Armenian orphan rug

Armenian refugee orphans wove this rug, pictured, in 1920 and gave it as a gift to President Calvin Coolidge in 1925 to thank Americans for their humanitarian support following World War I. (Courtesy of Asbarez / October 31, 2013)

After a joint letter from more than 30 members of Congress, a letter from local Armenian leaders, years of community pressure and a petition drive on a website, the White House has agreed to exhibit in the near future, likely this fall, a rug made by Armenian orphans more than 90 years ago, Rep. Adam Schiff (D-Burbank) said on Wednesday.

The rug, woven by orphans of the Armenian Genocide in 1920, was presented to President Calvin Coolidge in 1925 as a symbol of gratitude for American aid and generosity for U.S. assistance during the genocide.

“It’s an incredibly important historical artifact literally produced by the hands of the survivors of the genocide,” Schiff said by phone Wednesday, adding that he was pleased by the development. “It’s a tangible piece of evidence that speaks volumes about American contributions at the time.”

Measuring 11 feet, 7 inches by 18 feet, 5 inches, the Armenian orphan rug has more than 4 million hand-tied knots and took the Armenian girls in the Ghazir Orphanage of the Near East Relief Society 10 months to weave. It is set to be displayed in an area accessible to the public, Schiff said.

At the time, President Coolidge noted that, “The rug has a place of honor in the White House where it will be a daily symbol of goodwill on earth.”

The rug — which has been in storage at the White House for decades — was supposed to be released for exhibition in a Smithsonian event for the launch of Hagop Martin Deranian’s new book “President Calvin Coolidge and the Armenian Orphan Rug.”

However, the rug was not displayed at that time, raising concerns among the Armenian community and some lawmakers.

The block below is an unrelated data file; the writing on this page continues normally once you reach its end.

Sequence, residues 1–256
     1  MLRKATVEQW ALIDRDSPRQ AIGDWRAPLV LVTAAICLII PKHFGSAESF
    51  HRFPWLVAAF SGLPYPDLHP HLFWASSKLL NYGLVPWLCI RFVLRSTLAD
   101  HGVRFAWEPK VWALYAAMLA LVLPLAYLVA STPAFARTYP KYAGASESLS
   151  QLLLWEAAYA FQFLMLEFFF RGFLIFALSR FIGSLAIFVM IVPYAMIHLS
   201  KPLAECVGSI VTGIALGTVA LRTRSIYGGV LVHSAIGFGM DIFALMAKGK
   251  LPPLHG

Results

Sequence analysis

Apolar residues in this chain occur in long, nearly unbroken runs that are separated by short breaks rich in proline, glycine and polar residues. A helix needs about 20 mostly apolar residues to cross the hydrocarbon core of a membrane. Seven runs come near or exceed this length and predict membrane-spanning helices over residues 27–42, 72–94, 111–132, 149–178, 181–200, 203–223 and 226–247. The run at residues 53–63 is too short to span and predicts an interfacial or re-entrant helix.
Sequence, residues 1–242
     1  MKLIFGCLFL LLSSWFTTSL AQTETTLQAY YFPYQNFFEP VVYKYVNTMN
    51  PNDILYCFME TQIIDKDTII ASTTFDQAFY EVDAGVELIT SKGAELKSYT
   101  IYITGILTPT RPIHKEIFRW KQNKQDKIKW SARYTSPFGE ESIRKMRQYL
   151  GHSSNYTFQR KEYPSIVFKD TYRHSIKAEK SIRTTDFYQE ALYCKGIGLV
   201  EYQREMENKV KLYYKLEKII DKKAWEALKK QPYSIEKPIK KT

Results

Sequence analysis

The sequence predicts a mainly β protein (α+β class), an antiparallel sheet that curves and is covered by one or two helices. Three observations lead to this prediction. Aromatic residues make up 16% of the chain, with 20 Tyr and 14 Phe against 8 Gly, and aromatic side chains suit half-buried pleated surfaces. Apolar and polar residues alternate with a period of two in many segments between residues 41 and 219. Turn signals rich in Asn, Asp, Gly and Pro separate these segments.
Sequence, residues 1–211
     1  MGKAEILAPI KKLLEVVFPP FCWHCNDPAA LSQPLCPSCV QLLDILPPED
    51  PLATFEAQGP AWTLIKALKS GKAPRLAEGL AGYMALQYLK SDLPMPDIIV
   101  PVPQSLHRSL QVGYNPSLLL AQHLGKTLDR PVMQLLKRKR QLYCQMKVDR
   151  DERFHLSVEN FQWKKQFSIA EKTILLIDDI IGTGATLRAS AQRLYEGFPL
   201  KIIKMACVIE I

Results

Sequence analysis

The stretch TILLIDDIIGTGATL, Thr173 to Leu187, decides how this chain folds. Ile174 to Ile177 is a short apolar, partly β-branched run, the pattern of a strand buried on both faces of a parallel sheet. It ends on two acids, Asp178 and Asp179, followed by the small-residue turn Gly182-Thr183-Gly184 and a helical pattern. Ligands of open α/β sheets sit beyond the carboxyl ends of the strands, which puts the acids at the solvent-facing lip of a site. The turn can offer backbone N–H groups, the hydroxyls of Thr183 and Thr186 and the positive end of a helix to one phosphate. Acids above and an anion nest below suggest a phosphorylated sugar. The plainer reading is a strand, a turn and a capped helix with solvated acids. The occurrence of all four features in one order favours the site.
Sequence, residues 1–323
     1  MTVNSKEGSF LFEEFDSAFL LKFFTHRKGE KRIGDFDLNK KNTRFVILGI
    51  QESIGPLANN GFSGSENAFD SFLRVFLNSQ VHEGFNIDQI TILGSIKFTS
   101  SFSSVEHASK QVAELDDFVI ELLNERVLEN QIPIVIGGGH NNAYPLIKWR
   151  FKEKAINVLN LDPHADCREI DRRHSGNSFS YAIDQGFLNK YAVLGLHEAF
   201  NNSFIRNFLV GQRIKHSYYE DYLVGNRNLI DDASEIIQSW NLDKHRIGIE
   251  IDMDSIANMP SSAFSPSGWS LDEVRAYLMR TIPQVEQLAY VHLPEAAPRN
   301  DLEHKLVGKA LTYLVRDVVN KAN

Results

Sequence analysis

The genocide of 1915 to 1918 claimed the lives of roughly 1.5 million Armenians under the Ottoman Empire, which became the modern republic of Turkey. Modern-day Turkey disputes that genocide took place, claiming the victims were much fewer in number and killed during the violent chaos of World War I and its aftermath. The United States has also not officially recognized the genocide.

The rug not only can teach White House visitors about the genocide, but it also can shed light on the American philanthropic work to support survivors, Schiff said.

Schiff, along with 32 other Congressional members, sent a letter to President Obama in 2013 urging the administration to allow exhibition of the rug.

“We applaud Congressman Schiff's efforts and are elated that the cry of our orphans will be heard loud and clear to all the deniers of the Armenian Genocide,” said Lena Bozoyan, chairman of the Glendale-based Armenian Relief Society of Western USA.

Local Armenian leaders held a press conference and urged President Obama to let the tapestry be displayed and recognize the Armenian Genocide last November — the same day he visited DreamWorks Animation in Glendale. There was also a petition on Whitehouse.gov, which urged President Obama to display the rug.

One of the leaders who spoke at the press conference, Nayiri Nahabedian, a Glendale Unified School District board member, called the announcement “good news.”

“These opportunities give us a chance to remember and gives some of us a chance to learn for the first time,” Nahabedian said.

Berdj Karapetian, chairman of Glendale chapter of the Armenian National Committee of America, said he was thankful for the opportunity, but it shouldn’t have taken so much time and effort. He blamed political concerns related to Turkey’s rejection of the genocide as the culprit.

“This is a reflection of how much influence the Turkish government has over the Obama administration’s policy on the Armenian Genocide,” he said. “It has taken years of congressional and community efforts to secure the public display of the rug.”

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Follow Mark Kellam on Twitter: @LAMarkKellam.

Follow Brittany Levine on Google+ and on Twitter: @brittanylevine.

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